The songs and dances of the Digital Content NewFronts seem to be working: Last year’s events in New York led around 80% of marketers and agency execs who attended them to invest money in Internet video ads, according to a survey from the Interactive Advertising Bureau.
Moreover, most ad execs surveyed expect to boost their digital-video budgets over the next 12 months – in part by shifting dollars from traditional TV, the study found.
Of course, the research is sponsored by IAB, the trade group that coordinates the NewFronts, so it has a vested interest in trying to prove the sessions are effective at yielding actual commerce. This year’s two-week NewFronts, which kicks of Monday, will feature presentations by more than 30 Internet media firms and agencies.
Still, there’s been plenty of evidence of the rise of digital-video consumption and ad spending, and the IAB survey reinforces that. In 2014, U.S. digital-video advertising totaled $3.3 billion, up 17% from $2.8 billion in the year prior, according to an IAB study prepared by PwC. Research from independent firm eMarketer is even more bullish, which pegged the market last year at $5.8 billion and projects it to grow about 30% to reach $7.8 billion in 2015.
About 68% of the 305 marketers and agency executives polled for IAB’s survey said they expect to see their digital-video ad budgets increase in the next 12 months. The survey was conducted by New York-based Advertiser Perceptions online from March 26 to April 9, 2015. To qualify, execs needed to be involved in digital video or TV advertising decision-making at a company responsible for at least $1 million in total ad spending in 2014.
“This study demonstrates unequivocally that digital video is a fierce competitor for advertising dollars,” said Sherrill Mane, IAB’s senior VP of research, analytics and measurement.
For the most part, buy-side advertising executives expect that greater investment in digital video will come from rising advertising budgets in 2015, but also from a reallocation of spending from broadcast and cable television. Two-thirds (67%) of the survey’s respondents said that they anticipate their broadcast and cable TV ad budgets to stay the same – or decrease – in the next year.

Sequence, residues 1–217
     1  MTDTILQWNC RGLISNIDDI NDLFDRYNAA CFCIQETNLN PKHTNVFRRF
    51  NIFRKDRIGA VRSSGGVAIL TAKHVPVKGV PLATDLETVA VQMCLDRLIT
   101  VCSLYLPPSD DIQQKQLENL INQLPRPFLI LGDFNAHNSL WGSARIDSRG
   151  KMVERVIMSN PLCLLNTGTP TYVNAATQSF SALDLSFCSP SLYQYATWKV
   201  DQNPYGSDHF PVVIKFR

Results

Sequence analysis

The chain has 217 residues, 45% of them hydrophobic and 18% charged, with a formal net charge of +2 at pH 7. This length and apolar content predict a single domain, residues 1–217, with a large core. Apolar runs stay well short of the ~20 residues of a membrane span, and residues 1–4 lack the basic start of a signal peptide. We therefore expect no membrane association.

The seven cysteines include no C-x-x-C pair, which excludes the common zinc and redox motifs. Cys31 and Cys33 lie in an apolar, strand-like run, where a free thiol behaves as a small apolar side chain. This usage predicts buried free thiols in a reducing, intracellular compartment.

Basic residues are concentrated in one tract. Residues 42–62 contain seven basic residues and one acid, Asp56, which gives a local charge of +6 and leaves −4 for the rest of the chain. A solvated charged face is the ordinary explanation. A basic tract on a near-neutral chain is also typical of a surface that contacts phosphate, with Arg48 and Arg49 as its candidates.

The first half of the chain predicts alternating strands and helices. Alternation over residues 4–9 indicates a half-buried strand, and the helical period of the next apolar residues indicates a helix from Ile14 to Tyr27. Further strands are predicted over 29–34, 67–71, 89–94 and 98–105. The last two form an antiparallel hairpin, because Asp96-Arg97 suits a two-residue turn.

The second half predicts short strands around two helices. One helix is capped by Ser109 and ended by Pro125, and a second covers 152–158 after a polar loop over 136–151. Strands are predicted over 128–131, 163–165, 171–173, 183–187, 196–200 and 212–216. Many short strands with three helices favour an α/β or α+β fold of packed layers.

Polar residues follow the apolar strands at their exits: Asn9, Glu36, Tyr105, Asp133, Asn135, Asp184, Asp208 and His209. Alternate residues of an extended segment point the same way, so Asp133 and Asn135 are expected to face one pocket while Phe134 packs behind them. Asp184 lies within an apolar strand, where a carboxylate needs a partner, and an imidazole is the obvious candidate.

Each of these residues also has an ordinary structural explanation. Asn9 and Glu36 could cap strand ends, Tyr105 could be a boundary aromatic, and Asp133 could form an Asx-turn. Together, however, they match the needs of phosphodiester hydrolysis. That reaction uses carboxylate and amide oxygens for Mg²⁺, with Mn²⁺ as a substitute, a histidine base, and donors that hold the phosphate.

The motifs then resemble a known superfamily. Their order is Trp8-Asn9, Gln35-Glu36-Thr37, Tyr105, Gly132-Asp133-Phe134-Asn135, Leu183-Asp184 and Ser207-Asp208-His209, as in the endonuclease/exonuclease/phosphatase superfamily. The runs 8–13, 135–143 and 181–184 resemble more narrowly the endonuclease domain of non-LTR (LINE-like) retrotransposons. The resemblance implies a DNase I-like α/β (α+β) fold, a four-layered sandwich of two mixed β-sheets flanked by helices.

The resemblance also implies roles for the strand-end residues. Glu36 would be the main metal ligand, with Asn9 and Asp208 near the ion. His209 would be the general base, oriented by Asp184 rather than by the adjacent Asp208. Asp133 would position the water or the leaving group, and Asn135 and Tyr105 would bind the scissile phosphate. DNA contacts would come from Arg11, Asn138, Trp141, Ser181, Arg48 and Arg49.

According to the IAB survey, the 2014 NewFronts were “directly responsible” for driving 36% of buy-side attendees’ spend on original digital video advertising over the past 12 months. That’s up from 24% for the 2013 NewFronts, according to the study.
In addition, the study found that 67% of marketers and agency execs said original digital video will become as important as original TV programming within the next three to five years. What’s critical for that to happen, according to Mane, is that digital players show they can develop effective sales and branding opportunities and for the industry to produce metrics consistent with TV.
The majority of ad execs surveyed (67%) across key categories – automotive, consumer packaged goods, financial services, retail and telecommunications – said they anticipate moving a portion of spend out of TV toward digital. CPG, financial services and telecom marketers expect the shift to digital to have the biggest impact on cable TV ad budgets, while retailers see digital video cutting into broadcast spend. In addition, 63% of automotive advertisers say they are most likely to grow digital video ad spending from expanding total budgets, according to the IAB survey.